Many leading works on the Treaty of Waitangi are now available digitally via a single online “e-collection,” thanks in part to Law Foundation support.
In early April, Bridget Williams Books’ Treaty e-collection went live, giving subscribers access to significant works on the Waitangi Tribunal, Treaty settlements and histories of British conquest and Treaty claims.
The e-collection includes Dame Claudia Orange’s definitive series of Treaty publications, as well as works by authors such as Judith Binney, Vincent O’Malley, Alan Ward and Aroha Harris.
The project is winning plaudits. It was described as “a powerful new platform for reading, research and education” by reviewer Morgan Godfrey, who added: “for many, this may feel like the future of publishing”.
Tom Rennie, of Bridget Williams Books (BWB), says more than 40 libraries have already subscribed to the e-collection, including city libraries, government agencies and educational institutions. Schools can have access to it via the Ministry of Education, as can the legal community through the judicial libraries network.
He says that the collection now holds mainly BWB titles, but will be expanded to include titles by other publishers – for example, an important history, Peter Adams’ Fatal Necessity: British Intervention in New Zealand 1830-47, was recently digitised and added to the collection.
Other BWB e-collections will be released soon, the next being “short books on big subjects”. For information, visit www.bwb.co.nz.
Some other recently-completed and continuing Law Foundation projects follow.
Respecting rights when collecting DNA
Individual rights must be carefully balanced with the public good when setting the rules around acquiring DNA material from criminal suspects, an important new study has concluded.
The Collection and Retention of DNA from suspects in New Zealand analyses the state’s power to retain DNA from people not convicted of a criminal offence.
The authors, Dr Nessa Lynch, Victoria University and Dr Liz Campbell, University of Edinburgh, noted that New Zealand was an early adopter of DNA technology and compulsory acquisition in 1995, but the law has expanded rapidly, in piecemeal fashion, since then.
Drawing on United Kingdom and Canadian experience, the authors’ recommendations include reinstating a “neutral arbiter” in the decision to require a bodily sample, constraints on Police discretion to acquire samples, and judicial authorisation for using force to acquire samples.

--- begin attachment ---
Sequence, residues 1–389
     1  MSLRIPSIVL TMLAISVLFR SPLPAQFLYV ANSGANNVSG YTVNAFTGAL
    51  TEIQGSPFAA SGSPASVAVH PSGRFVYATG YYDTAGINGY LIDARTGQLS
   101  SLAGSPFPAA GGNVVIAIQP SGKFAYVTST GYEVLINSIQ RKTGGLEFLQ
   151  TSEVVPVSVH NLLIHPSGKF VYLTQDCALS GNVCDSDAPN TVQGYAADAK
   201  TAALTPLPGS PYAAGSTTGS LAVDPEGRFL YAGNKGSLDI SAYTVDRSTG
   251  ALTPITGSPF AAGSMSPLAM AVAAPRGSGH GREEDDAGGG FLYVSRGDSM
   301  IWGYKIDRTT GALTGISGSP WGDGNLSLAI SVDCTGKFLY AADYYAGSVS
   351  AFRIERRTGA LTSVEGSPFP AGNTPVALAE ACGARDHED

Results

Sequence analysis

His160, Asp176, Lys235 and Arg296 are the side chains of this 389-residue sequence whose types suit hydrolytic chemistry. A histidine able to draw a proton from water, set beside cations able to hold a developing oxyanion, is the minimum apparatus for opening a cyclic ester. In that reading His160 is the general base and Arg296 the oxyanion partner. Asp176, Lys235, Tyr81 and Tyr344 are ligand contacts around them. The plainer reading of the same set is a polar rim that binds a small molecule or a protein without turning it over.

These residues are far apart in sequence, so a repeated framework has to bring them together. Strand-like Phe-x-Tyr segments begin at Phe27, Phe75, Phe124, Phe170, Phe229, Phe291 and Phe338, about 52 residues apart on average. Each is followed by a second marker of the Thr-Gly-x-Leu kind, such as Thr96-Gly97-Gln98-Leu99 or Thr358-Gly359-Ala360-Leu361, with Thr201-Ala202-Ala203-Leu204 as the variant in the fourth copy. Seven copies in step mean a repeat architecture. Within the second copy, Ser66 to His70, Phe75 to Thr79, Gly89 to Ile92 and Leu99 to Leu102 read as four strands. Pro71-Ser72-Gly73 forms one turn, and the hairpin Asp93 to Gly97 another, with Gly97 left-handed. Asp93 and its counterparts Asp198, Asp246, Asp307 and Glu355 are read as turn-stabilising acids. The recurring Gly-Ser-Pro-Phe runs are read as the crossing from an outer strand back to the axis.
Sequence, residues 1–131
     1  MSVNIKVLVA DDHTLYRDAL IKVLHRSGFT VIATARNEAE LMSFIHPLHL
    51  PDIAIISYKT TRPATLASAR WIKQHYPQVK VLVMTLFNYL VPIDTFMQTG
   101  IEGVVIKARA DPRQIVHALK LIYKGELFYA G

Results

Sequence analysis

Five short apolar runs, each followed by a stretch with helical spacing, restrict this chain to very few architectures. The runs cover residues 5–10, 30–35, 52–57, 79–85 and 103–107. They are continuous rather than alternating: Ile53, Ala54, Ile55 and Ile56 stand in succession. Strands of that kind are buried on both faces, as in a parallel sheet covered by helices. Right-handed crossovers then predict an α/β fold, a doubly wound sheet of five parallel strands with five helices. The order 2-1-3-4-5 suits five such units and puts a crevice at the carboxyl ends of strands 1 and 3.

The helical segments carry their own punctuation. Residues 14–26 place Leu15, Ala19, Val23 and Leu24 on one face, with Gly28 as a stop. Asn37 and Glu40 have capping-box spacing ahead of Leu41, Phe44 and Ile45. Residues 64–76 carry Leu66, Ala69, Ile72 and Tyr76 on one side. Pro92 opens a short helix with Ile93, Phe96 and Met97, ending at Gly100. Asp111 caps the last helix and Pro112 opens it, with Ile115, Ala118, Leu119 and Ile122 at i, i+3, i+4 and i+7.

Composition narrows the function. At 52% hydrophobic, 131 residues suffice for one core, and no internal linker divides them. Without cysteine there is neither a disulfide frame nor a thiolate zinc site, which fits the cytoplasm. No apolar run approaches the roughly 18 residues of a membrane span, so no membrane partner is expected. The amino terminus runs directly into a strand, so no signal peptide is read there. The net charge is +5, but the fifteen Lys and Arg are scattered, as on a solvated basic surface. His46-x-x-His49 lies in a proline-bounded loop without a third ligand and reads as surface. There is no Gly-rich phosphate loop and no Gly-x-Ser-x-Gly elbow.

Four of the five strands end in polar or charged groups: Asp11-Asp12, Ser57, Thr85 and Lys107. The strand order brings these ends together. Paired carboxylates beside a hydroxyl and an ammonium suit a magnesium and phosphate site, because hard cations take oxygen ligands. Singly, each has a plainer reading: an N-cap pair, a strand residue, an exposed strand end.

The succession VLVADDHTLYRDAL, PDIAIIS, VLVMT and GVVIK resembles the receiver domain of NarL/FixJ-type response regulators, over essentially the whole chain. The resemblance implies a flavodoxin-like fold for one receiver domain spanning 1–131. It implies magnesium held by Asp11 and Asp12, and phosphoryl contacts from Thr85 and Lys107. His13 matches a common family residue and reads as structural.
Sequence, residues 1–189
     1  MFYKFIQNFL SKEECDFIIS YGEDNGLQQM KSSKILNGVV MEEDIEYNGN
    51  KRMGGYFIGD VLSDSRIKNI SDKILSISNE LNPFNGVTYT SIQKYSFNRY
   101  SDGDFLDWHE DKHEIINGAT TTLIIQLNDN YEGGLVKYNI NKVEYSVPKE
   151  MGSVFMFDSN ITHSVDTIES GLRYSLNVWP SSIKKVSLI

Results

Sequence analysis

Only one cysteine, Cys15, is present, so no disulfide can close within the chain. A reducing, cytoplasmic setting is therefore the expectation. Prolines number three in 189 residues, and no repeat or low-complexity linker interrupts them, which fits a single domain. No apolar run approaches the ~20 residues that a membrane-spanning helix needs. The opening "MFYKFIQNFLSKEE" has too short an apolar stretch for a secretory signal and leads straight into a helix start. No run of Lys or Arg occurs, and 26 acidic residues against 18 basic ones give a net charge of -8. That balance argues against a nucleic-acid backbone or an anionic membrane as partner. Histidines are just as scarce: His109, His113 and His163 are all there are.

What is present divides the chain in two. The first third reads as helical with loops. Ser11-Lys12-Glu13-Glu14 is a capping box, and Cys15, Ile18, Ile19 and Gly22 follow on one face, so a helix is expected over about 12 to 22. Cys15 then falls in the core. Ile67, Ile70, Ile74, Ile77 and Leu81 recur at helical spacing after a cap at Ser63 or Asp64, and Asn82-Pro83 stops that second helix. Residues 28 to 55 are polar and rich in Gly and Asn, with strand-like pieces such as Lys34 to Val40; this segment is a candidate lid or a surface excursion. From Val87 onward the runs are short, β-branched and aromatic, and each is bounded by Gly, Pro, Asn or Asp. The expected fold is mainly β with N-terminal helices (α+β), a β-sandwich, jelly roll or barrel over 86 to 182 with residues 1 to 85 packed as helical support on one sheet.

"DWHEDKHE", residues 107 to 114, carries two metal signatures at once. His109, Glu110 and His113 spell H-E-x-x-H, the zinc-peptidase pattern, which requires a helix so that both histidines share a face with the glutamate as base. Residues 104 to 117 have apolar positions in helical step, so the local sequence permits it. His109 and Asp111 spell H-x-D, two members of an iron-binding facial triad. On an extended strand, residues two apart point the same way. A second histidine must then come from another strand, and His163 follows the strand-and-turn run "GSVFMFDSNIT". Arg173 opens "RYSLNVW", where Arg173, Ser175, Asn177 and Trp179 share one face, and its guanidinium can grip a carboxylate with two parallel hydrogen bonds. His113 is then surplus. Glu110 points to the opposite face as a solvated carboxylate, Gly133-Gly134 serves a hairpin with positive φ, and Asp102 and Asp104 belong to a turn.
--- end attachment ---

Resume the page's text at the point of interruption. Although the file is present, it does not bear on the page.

“While DNA is a valuable tool for the prevention, detection and prosecution of crime, its limitations must also be considered when gauging the public interest in powers to collect and retain material … it is not a ‘magic bullet’ for crime detection,” the authors said.
The authors hope that the book will provide a basis for review of the Criminal Investigations (Body Samples) Act 1995.
Policy change to protect biodiversity
This Environmental Defence Society project is a follow-up to Vanishing Nature, New Zealand’s first-ever comprehensive stock-take of the country’s natural heritage and efforts to protect our threatened species.
Vanishing Nature, published in 2015, found an alarming decline in many of our native species, and challenged policy-makers to take much stronger action to arrest the decline.
Pathways to Prosperity, launched in February this year, examines new policy tools to address the challenges identified in Vanishing Nature. Its recommendations include a National Policy Statement on indigenous biodiversity, improved use of bonds under the Resource Management Act, improved biodiversity information and regional biodiversity plans.
Among the innovative policy instruments it proposes are delivery of offsets by third parties and ecosystem assessment services for biodiversity management.
Marie Brown of the EDS was the lead author of both studies, and both were backed by the Law Foundation. The short, plain-English report is aimed at the development sector, ecological professionals, policy makers and planners.
Enforcing environmental law
Another EDS project, this will investigate the modern face of enforcement of our key environmental laws including the Resource Management Act, the Wildlife Act, the Conservation Act and the Marine Mammals Protection Act.
The authors, Marie Brown and Raewyn Peart, will examine the effectiveness of monitoring, compliance and enforcement of New Zealand’s environmental institutions, structures and processes.
They say that despite evidence of innovation, environmental outcomes often do not meet public expectations. For example, a 2013 study found that non-compliance with mitigation conditions of resource consents exceeded 35%, and the Office of the Auditor-General had found evidence of interference by elected officials in technical monitoring and enforcement.
The project, which also builds on Vanishing Nature, aims to contribute to the national dialogue on environmental enforcement. Supported by Law Foundation funding of $62,500, the authors aim to publish in early 2017.
For more information on these and other projects, visit both the Grants and Publications pages on the Foundation’s website: www.lawfoundation.org.nz.
Lynda Hagen is the Executive Director of the New Zealand Law Foundation.